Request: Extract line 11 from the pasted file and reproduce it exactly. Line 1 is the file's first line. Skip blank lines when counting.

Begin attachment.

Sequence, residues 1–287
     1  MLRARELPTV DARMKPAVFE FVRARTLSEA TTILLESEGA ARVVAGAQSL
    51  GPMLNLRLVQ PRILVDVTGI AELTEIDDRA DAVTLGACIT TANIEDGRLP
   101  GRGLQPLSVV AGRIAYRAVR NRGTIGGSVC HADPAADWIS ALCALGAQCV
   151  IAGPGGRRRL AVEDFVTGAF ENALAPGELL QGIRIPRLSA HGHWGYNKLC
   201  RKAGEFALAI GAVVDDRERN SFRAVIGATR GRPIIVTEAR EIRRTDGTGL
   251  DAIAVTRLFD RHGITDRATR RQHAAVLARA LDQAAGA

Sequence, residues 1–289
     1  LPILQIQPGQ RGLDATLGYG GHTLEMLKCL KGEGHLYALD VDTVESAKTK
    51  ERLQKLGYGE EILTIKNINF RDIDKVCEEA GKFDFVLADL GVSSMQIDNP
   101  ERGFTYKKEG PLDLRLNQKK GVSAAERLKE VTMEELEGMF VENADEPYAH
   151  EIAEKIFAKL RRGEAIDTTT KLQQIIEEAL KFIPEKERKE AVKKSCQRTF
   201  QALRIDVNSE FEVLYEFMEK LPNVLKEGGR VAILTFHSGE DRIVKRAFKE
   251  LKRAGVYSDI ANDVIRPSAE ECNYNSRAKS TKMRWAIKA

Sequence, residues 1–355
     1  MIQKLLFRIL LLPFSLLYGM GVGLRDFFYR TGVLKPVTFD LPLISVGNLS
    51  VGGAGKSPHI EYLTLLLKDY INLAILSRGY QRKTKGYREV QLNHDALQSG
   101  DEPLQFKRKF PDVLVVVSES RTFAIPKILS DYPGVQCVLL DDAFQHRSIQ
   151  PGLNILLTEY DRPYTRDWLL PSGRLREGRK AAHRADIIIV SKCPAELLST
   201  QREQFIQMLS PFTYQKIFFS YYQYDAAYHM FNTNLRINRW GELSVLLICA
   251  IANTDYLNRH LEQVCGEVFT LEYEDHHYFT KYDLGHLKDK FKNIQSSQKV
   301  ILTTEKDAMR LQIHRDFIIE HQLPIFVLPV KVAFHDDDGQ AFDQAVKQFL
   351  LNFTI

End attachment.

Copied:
   101  ERGFTYKKEG PLDLRLNQKK GVSAAERLKE VTMEELEGMF VENADEPYAH